Athanasius, a key character at the Council of Nicaea, put it this way: "And in this Trinity none is before or after another; none is greater or less than another. But the whole three persons are coeternal, and coequal." (Athanasian Creed)
Christ is equal with the Father in essence, majesty, attributes, and eternality. The church debated for many years after that, seeking to understand just how the two natures (human + divine) could exist in the one person, Jesus Christ. The Chalcedonian Creed (AD 451) put it this way:
"Our Lord Jesus Christ, the same perfect in Godhead and also perfect in manhood; truly God and truly man, of a rational soul and body; coessential [of one substance] with the Father according to the Godhead, and consubstantial with us according to the Manhood; in all things like unto us, without sin... one and the same Christ, Son, Lord, Only-begotten, to be acknowledged in two natures, inconfusedly, unchangeably, indivisibly, inseparably; the distinction of natures being by no means taken away by the union, but rather the property of each nature being preserved, and concurring in one Person and one Subsistence, not parted or divided into two persons, but one and the same Son, and only begotten, God the Word, the Lord Jesus Christ..."
The Son of God is not a created being (as Arius believed) but resides in the bosom of the Father from eternity past, and to eternity future! Christ in his Deity remains unchangeably divine, whether before or after his Incarnation. So God did not become man in some transmutational way, or with the loss of divinity itself. Rather, the second Person of the Triune God joined himself permanently to humanity by taking on a human nature. So, it is true that Jesus the God-man will never un-human himself. But neither will he un-deify himself!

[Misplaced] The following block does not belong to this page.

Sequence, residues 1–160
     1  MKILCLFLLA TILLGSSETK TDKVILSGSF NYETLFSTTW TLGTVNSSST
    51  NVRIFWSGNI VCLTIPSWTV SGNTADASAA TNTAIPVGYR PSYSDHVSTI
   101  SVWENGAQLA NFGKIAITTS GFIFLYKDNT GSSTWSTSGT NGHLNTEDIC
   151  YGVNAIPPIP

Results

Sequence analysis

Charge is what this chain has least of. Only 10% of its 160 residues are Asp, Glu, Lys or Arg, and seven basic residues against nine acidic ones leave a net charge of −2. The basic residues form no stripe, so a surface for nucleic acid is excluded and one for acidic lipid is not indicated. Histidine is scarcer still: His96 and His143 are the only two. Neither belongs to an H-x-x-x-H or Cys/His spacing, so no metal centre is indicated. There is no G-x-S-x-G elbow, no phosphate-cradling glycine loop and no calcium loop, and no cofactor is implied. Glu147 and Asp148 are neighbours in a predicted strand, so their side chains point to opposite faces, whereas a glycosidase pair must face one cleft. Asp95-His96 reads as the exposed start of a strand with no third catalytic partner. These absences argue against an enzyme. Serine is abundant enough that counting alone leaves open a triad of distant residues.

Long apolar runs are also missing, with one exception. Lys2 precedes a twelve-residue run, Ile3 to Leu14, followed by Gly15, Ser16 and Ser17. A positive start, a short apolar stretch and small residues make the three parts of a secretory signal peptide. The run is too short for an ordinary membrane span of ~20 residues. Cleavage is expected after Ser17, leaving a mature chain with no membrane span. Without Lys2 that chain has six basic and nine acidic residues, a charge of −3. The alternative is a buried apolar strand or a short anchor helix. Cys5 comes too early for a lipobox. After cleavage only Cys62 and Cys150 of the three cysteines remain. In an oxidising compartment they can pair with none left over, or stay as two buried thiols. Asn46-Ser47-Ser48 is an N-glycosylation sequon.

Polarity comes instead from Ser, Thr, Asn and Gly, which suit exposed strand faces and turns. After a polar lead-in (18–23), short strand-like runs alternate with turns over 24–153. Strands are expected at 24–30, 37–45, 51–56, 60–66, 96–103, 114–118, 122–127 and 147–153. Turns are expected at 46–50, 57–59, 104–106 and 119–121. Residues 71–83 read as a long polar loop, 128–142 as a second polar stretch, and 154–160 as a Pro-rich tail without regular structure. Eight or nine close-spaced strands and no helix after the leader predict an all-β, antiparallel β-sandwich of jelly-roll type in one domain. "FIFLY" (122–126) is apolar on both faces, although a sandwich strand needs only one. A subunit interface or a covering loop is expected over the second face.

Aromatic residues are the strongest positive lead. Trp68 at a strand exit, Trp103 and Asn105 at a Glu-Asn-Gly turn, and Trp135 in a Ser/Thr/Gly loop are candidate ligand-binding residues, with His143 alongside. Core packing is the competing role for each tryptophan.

And yet this does not mean that all Persons within the Triune Godhead have the same roles. If we mean "equality" in the sense of "same as" or "same role as", then that statement would have to be qualified. It appears that the hierarchy (authority and submission) which we see in Christ's life (e.g., love and submission toward his Father) has existed (and will exist) within the Trinity forever. The Father sends the Son (before the incarnation), the Son accomplishes the Father's will, the Father and Son send the Spirit. The Spirit glorifies the Son, the Son glorified the Father, who then glorifies the Son...! So at the end the Son "subjects himself" to the Father (1 Corinthians 15:28), which is not something he does merely because he has a human nature, but appears to reflect essential relationships within the Trinity.
Finally, I believe it's important how and what we think about Christ, since he is the One we trust for salvation, and our Example of Sonship that we should follow. (So ably portrayed by our guest speaker!) We should understand Christ as clearly as we can, as he is revealed in the Scriptures. The challenge of theology (for example, the Trinity) is not to come up with a statement that is supported by a few verses, but a statement that encompasses and explains all that the Bible has to say about that topic.
At this point, we must just marvel and worship. There are so many unfathomable mysteries here!
Suggested for further reading:
The Athanasian Creed
Athanasius' On the Incarnation
What is the Trinity, a free eBook by R. C. Sproul
Delighting in the Trinity, by Michael Reeves.